“Yeah, okay. Thanks, Mummy.” Willow started to leave.
“Wait, I have to be sure.” Dawn wore an expression she hoped was an apology. “It’s not me being a mean Mum, really. It’s for your safety.”
“Whatever.” Willow led the way to her room, where Dawn took her phone, her tablet computer, anything that connected to the internet, and left her a LEDlight beside her bed.
“It’s not that I don’t trust you. I do. I love you. It’s just that for this one night of the year, these things are really dangerous.” Dawn cradled the electronic toys in her arms.
“Mummy, they are battery powered and not even connected to the mains. They can’t be tracked through the smart meter and anyway, you turned off the mains.” Willow sat on her bed with arms folded.
“I know, but they can be tracked through the internet. Santa’s elves are everywhere.”
“Just one night, Willow. Just one. Please, do this for me.”
“Oh all right.” Willow slumped sideways and shuffled under the covers. Dawn leaned over and gave her a kiss then left the room with her electronic haul.
The kitchen was very cold now, as was the soup. Dawn finished it anyway since there was no longer any way to reheat it.
Wrapped in all the clothes she could fit onto herself, she blew a breath of steam into the cold air. Martin had known. He had told her, taught her, and she and Willow were still here because she had told nobody else.
It was all about control. Getting everyone to stand for an hour in the freezing cold and then making them turn off the power for a night and a day. The smart meters could just do that but that wasn’t control. Making people turn the power off themselves – that was control.
It had to be enforced by fear. As with all religions before them the Cult of the Green God overwrote the old festivals with their new ones. The Sun God’s Rebirth, the Winter Solstice, Pagan and Druidic ceremonies through millennia, were overwritten with the Christian birth of Christ and now with the Green God’s Earth Day. Pushed by the New Santa who rewarded the faithful by letting them enjoy the presents they bought themselves and removing those who failed to observe the Green God’s declarations. Especially on Earth Day.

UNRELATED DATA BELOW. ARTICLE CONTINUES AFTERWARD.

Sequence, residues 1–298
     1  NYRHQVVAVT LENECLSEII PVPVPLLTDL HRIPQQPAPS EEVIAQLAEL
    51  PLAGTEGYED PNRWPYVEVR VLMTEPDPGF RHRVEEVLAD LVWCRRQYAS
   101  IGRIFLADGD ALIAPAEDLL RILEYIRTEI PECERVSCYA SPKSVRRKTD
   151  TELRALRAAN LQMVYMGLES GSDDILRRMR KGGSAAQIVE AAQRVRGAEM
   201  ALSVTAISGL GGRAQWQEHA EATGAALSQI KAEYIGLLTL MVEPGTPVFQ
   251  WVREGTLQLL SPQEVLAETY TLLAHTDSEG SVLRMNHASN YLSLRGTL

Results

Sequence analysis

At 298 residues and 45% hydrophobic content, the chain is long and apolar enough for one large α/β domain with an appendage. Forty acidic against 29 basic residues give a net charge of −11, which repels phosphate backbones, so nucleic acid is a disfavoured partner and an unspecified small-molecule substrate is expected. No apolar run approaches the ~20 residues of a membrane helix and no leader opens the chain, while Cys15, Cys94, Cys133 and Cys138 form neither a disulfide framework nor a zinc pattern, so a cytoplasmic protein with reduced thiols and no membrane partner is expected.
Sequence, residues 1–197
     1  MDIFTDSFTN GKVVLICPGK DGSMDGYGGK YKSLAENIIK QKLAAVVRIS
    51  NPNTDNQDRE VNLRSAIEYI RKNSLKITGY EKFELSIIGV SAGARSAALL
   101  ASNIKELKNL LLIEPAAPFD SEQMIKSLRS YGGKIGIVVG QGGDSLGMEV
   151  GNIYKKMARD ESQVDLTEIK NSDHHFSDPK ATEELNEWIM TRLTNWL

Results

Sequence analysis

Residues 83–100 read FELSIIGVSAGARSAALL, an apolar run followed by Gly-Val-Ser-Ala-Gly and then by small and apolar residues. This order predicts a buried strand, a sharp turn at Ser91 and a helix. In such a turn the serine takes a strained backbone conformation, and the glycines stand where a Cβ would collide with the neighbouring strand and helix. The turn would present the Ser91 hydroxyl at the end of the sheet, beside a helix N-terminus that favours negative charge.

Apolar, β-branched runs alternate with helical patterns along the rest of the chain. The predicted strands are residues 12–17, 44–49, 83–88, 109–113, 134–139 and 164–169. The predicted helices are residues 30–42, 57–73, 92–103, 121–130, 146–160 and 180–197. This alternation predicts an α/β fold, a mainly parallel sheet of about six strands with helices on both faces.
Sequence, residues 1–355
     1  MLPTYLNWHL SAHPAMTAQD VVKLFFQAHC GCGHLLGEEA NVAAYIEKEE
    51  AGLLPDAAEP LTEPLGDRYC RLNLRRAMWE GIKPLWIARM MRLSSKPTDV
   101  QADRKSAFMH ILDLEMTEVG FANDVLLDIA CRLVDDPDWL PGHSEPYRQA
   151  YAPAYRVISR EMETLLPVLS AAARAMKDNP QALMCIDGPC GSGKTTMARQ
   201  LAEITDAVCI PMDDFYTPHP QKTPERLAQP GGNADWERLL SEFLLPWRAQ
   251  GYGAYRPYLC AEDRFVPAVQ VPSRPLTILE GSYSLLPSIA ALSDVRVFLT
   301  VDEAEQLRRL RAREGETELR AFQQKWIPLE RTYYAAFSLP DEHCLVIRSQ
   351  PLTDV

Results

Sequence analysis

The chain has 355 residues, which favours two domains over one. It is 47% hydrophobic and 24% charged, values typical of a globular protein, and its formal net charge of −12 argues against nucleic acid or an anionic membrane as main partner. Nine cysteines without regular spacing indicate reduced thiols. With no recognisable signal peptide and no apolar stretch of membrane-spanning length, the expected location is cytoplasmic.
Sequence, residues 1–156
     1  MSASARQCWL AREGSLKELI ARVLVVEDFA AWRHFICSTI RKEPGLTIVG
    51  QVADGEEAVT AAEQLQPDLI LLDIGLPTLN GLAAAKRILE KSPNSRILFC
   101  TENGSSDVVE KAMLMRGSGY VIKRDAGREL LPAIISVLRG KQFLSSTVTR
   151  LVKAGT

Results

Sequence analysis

So now Santa was not the jolly fat smoky-drinker of old who liked a mince pie and a bit of ham. Santa was now vegan and trim and hateful and intolerant of others who did not share his way of life. The bearded red chubby was now a clean-shaven green ghoul.
The sound brought Dawn out of her reverie. Those were Santa bells. She bowed her head. Someone was on the naughty list tonight.
The bells drew closer and stopped. Dawn frowned. They must be coming for a neighbour. If only she had bothered to get to know any of them, she might be able to guess which one.
The cry cut Dawn like a razor. She surged to her feet. Santa could not be here for Willow. All her electronics were on the kitchen table. She could not have transgressed.
Dawn ran to Willow’s room and shoved the door open. The LEDlight gave its faint orange glow, enough to see Willow’s bed rumpled and empty.
There was another light. On the bed, just below the pillow. A small rectangular blue glow. One Dawn had seen before, a long time before. Six years before. In the snow.
Martin’s phone. Willow must have taken it in one of her hunts through Dawn’s room. Her only connection to her father. Her last toy. Her final Christmas gift from the father she never knew.
Dawn fell to her knees and covered her face with her hands. In the distance, through the crisp air of a frozen night, a mocking ‘Ho ho ho’ sealed her mind into the raging darkness.